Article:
Making transportation infrastructure more resilient to the symptoms of climate change is an increasingly significant aspect of planning at the U.S. Department of Transportation, according to a new DOT report.
“Transportation is and will continue to be affected by climate change,” the department said Oct. 31 in “Climate Action Plan 2014, Ensuring Transportation Infrastructure and System Resilience.”
“The range of impacts from these threats may include roadway deterioration, flooding, limited waterway access and weakened structures. Severe conditions may reduce the life of capital assets and increase operational disruptions,” the report said.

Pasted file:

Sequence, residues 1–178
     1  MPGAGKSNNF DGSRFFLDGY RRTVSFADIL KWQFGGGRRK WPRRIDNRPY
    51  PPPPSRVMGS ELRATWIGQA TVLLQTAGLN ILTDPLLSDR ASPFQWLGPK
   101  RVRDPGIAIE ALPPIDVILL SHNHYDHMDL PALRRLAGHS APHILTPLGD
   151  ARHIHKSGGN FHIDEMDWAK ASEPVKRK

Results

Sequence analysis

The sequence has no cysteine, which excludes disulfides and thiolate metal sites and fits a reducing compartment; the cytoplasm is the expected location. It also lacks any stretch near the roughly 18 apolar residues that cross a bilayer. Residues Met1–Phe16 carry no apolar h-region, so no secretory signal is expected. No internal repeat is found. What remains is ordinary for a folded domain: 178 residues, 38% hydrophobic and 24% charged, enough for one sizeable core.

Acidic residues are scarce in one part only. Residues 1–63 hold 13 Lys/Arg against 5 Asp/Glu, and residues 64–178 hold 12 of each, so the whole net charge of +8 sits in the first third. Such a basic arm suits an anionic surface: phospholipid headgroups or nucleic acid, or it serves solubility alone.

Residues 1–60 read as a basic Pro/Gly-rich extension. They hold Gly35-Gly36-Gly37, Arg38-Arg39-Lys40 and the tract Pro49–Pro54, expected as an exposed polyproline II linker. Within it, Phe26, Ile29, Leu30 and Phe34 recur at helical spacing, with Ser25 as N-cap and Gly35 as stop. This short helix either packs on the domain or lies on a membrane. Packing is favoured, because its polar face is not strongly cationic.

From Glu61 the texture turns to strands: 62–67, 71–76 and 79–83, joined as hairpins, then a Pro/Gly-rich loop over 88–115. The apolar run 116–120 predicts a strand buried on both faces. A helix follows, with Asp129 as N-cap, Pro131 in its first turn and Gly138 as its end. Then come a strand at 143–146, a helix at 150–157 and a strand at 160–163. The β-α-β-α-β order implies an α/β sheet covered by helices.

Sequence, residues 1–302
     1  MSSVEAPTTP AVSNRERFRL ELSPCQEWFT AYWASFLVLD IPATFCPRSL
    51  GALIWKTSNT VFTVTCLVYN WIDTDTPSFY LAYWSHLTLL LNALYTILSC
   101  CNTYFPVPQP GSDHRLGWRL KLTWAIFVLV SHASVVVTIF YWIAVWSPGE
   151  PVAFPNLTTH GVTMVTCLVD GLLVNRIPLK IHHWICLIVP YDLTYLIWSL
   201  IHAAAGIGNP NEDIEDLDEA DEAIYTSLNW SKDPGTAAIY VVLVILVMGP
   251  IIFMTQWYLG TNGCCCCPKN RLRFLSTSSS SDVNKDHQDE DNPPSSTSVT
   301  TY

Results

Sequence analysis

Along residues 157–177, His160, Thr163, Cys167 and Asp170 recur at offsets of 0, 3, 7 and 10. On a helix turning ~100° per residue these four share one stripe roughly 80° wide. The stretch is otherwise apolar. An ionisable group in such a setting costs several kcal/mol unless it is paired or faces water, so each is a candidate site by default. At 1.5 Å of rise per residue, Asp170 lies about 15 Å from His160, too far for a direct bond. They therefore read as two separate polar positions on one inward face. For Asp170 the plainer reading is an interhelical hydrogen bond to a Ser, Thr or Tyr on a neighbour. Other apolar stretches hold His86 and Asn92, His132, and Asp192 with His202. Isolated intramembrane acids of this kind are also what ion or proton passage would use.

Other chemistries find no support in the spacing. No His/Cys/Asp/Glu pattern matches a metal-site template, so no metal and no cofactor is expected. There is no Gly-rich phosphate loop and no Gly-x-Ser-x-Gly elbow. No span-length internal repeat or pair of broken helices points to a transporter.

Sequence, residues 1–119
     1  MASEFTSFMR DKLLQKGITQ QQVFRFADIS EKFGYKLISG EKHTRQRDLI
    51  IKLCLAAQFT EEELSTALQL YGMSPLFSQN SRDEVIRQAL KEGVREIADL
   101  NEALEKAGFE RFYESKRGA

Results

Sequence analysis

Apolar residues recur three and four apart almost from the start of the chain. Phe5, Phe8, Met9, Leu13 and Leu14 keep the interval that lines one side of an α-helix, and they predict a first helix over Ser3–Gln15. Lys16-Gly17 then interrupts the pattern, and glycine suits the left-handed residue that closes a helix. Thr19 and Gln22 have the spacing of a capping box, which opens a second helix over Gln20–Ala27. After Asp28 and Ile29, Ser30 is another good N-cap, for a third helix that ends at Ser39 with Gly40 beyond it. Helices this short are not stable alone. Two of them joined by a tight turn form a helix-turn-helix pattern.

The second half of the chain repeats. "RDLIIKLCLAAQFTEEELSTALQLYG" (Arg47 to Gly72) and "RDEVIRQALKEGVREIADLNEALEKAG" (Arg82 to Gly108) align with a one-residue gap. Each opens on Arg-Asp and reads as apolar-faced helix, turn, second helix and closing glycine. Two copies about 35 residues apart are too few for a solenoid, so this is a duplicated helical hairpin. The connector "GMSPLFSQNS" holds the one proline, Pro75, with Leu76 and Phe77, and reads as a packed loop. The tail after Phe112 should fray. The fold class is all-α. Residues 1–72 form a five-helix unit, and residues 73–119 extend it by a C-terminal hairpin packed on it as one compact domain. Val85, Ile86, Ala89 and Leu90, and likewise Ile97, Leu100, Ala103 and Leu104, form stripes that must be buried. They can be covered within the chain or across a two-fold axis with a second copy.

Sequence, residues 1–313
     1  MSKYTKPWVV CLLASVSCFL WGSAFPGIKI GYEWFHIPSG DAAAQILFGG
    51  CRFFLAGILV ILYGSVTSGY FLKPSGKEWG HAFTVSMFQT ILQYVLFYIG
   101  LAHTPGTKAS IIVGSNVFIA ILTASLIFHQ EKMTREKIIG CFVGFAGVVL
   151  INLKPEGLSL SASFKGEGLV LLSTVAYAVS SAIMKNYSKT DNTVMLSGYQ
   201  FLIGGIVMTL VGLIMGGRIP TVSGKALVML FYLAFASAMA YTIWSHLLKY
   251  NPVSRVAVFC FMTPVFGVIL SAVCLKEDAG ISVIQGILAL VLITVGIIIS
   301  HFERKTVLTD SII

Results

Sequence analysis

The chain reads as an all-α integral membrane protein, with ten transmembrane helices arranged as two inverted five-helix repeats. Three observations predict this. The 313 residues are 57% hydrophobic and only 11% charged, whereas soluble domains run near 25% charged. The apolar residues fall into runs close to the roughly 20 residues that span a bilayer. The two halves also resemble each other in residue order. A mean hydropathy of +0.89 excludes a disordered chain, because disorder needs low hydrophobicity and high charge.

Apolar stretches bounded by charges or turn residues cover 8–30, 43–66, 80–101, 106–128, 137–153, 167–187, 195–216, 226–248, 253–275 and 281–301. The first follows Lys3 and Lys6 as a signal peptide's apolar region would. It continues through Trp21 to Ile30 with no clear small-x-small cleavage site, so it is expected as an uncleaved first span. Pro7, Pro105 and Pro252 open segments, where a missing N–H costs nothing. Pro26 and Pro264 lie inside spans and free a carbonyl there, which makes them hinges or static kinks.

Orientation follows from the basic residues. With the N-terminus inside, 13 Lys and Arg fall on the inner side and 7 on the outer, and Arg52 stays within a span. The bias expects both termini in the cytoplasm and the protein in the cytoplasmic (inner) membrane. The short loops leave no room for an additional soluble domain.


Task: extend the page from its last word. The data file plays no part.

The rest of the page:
The report cited Superstorm Sandy in 2012 as an example of climate change that can damage transportation facilities. Examples of mitigating tactics listed in the report are hardening existing infrastructure, relocation or abandonment of at-risk infrastructure and adding back-ups to transportation systems.
The Federal Motor Carrier Safety Administration will conduct an analysis of weather emergencies and truck safety, the report said. State governments often waive parts of the Federal Motor Carrier Safety Regulations during emergencies, and FMCSA wants to examine the effects of that on highway safety.